Ultra-pure Li or, alternatively, Be is preferably chosen for the monolithic diffractive–refractive lens components. Their optical properties are best used for a certain deflection power, expressed by an effective hybrid zone number. On the other hand, Li in particular is challenging to fabricate on the required level of accuracy6 and would need at least some coating by an ultra-thin plastic foil or ALD for instance, to protect the reactive alkali metal from the environment. There is little practical experience so far, except from prototype optics like elementary refractive lenses,16 and serious experimental efforts will be necessary to exploit the outstanding optical potential of Li in future. Be will probably serve as the more practical alternative for short-term proof-of-concept “pathfinder” studies and also full-size missions.7 Despite its worse transmission, the higher density and refractive power enables a more relaxed lens design in terms of the aspect ratio. Moreover, its greater hardness and stability compared to Li should ease the precise fabrication of the Fresnel grooves.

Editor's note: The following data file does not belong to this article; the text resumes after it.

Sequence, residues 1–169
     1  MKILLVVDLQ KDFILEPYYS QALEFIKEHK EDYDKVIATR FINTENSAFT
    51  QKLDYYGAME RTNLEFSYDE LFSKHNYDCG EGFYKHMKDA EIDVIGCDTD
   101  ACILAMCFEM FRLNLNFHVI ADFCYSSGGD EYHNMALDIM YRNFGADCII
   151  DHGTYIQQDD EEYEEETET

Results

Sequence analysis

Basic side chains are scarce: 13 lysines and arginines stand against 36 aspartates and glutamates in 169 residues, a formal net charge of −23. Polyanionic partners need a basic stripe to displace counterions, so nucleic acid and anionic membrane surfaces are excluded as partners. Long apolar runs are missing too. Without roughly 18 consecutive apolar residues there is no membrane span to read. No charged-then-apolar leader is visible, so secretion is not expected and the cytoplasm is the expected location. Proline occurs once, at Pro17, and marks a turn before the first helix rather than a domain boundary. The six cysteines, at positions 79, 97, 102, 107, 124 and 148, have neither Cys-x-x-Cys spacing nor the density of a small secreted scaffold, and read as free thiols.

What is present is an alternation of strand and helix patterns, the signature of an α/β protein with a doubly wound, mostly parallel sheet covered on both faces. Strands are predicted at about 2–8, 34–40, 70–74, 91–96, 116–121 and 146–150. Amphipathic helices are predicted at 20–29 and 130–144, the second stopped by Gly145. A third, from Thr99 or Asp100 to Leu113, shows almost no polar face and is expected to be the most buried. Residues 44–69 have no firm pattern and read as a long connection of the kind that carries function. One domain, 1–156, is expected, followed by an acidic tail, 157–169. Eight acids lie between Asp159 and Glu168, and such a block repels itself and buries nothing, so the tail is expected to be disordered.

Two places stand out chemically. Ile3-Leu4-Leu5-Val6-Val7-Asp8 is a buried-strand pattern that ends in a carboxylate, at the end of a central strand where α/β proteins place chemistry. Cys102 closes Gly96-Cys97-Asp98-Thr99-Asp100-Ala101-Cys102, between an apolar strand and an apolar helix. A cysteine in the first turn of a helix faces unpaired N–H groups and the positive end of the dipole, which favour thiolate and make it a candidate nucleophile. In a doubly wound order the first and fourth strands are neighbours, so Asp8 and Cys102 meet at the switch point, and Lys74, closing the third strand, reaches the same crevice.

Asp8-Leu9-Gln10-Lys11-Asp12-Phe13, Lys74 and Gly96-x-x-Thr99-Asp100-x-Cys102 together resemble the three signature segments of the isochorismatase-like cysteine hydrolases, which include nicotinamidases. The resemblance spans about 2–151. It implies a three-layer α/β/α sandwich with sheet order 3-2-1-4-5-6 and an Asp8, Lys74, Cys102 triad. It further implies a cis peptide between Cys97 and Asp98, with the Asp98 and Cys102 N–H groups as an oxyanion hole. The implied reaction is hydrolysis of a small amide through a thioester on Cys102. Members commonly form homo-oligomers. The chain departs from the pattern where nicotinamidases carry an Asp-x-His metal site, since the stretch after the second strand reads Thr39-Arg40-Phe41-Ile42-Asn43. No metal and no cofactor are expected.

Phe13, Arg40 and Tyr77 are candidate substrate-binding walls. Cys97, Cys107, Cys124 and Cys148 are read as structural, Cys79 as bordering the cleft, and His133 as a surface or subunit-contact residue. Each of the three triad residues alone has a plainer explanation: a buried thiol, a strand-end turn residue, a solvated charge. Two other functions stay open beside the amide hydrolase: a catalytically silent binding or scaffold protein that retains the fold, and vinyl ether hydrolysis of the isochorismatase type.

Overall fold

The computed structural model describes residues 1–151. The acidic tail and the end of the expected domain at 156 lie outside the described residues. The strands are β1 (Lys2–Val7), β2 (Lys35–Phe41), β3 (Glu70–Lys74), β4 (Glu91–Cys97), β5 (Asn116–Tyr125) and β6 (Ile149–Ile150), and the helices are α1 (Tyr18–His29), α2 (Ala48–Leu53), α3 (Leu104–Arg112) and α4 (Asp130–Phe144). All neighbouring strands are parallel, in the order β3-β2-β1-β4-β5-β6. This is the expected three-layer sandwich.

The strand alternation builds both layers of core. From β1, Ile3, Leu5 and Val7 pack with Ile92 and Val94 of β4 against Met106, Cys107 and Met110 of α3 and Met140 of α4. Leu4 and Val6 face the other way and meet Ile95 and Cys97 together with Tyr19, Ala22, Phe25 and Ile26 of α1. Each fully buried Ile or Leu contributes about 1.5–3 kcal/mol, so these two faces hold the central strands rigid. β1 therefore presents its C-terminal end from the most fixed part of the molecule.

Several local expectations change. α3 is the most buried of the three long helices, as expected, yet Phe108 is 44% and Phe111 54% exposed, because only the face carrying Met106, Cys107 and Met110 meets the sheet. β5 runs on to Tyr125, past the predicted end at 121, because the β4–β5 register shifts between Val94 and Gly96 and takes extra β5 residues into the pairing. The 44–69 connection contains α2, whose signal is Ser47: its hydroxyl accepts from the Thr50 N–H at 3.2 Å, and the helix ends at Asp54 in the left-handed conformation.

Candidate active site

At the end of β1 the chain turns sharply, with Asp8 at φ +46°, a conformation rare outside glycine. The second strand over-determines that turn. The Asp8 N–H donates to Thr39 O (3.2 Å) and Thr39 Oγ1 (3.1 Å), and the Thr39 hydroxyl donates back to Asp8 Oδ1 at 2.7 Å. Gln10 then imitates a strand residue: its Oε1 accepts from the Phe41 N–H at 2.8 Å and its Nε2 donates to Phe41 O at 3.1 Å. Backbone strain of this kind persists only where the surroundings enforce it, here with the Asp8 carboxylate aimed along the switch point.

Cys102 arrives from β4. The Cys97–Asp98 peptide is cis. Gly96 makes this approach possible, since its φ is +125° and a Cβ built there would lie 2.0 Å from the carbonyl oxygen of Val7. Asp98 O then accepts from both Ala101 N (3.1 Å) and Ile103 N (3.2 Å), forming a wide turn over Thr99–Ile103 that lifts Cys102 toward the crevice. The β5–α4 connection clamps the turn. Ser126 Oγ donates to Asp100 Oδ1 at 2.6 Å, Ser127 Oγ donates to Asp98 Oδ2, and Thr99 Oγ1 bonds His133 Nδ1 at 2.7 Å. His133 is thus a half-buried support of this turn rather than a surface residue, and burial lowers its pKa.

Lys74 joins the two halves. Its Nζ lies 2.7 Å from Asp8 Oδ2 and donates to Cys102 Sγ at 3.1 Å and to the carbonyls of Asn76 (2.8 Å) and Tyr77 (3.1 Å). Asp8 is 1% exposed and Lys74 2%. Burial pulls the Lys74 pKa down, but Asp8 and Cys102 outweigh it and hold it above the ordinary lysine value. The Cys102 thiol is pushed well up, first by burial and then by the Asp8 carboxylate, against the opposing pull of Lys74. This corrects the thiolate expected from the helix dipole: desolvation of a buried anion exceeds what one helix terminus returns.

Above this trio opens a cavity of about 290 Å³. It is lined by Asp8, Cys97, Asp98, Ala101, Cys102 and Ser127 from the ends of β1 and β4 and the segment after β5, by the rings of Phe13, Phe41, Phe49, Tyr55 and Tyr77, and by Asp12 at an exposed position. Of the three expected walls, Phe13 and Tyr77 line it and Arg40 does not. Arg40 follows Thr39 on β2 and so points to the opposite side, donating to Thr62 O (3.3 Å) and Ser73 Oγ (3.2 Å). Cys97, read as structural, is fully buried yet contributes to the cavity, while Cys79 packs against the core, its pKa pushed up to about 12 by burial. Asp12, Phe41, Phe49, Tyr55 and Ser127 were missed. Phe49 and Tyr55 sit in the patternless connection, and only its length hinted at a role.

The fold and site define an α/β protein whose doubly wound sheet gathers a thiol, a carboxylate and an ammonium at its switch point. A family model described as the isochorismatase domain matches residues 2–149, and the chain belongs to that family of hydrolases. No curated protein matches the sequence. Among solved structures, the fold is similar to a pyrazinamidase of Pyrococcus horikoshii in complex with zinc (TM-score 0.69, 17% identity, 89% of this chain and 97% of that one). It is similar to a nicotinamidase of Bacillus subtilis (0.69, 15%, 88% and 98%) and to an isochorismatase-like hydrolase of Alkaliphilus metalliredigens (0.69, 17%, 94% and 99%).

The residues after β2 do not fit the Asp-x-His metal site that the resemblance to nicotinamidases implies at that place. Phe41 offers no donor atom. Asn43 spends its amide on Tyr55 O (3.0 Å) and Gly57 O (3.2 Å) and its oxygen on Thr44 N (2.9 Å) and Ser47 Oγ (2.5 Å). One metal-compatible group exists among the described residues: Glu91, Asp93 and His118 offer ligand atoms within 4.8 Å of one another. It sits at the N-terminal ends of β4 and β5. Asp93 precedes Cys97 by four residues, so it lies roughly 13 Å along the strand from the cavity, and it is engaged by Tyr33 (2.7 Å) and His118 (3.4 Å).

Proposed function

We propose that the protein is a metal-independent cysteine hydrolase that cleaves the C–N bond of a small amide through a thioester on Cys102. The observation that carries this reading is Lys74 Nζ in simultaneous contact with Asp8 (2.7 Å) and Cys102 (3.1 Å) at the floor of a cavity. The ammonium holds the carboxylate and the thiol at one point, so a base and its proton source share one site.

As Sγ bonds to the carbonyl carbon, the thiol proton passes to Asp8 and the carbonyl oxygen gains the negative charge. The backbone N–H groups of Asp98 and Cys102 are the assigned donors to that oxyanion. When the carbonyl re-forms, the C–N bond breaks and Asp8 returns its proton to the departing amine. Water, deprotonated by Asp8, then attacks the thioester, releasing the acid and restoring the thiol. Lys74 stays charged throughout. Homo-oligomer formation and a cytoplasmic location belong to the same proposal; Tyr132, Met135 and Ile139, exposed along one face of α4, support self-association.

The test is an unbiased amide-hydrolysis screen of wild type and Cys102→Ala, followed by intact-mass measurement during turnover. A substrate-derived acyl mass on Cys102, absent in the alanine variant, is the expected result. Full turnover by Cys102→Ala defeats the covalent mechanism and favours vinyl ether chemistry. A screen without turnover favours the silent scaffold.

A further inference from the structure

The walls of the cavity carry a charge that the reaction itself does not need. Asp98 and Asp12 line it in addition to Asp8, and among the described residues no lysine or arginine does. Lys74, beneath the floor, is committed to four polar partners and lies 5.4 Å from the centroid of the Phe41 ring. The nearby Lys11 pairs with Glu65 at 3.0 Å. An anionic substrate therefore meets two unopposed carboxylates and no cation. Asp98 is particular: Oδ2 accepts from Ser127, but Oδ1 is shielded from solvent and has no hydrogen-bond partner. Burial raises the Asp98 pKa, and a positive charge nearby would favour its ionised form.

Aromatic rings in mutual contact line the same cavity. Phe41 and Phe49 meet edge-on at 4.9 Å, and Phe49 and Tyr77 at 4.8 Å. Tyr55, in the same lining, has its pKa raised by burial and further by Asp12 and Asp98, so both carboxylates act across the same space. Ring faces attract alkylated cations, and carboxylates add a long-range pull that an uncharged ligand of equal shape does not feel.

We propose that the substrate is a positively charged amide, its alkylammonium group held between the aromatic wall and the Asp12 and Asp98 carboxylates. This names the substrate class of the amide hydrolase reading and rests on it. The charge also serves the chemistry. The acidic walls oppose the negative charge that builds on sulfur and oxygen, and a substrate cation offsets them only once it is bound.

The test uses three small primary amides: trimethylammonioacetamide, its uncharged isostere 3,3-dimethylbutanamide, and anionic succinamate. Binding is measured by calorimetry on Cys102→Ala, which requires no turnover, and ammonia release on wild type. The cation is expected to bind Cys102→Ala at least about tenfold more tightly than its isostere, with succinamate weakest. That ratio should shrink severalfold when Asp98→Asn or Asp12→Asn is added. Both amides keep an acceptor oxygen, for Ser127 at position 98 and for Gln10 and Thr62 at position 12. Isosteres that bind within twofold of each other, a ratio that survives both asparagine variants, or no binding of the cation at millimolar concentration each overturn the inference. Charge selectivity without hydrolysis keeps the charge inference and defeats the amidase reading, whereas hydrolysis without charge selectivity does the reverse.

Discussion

A plastics Fresnel lens has been shown to be of limited transmission in the soft bands in particular, not only as of the refractive phase shift thickness, but also due to the supporting layer, which was assumed to have a minimum thickness of 50 μm (Sec. 5.5). Nevertheless, its combination with refractive lens components made of Be likely marks the most attractive type of all hybrid optics as discussed so far under the criterion of technical feasibility. A similar approach was also proposed for the MASSIM mission,7 and it might be worthwhile to investigate the performance of this heterogeneous implementation. For the data in the right column (“Be-PC”) of Table 15, the Be Fresnel lens from the monolithic scheme (summarized in Table 14) is simply replaced by the polycarbonate device as described above. All other lens design parameters have been adopted from the monolithic version, and the worse -sensitivity within is the only difference. Though the polycarbonate membrane absorbs primarily in the soft bands where the effective area is already low, the total loss is modest and suggests indeed the construction of an initial instrument with a plastics Fresnel lens inside. One could even think about a sole diffractive telescope, without any dispersion correction. If this diffractive lens is made again from polycarbonate, its net performance can be directly compared to the Be-PC configuration. Except from the grating period or “pitch,” which is taken twice as large to achieve the same focal length, we maintain all other design parameters. The result is shown again in Table 15. As expected, the angular resolution is slightly better, since the full segment size now contributes to the diffraction pattern, without the gray wedge effect from the refractive component. The individual spectral width in each of the five bands follows Eq. (27) and amounts to 2 to 6 eV—no more than 18 eV in total. Together with the rather weak sensitivity—about one order of magnitude worse than for the Be-PC scheme—those narrow individual bandwidths make that sole diffractive version unattractive: High-end TES or MMC arrays that would detect just five relatively narrow bands up to 10 keV are likely not available and/or are ineffective in their use.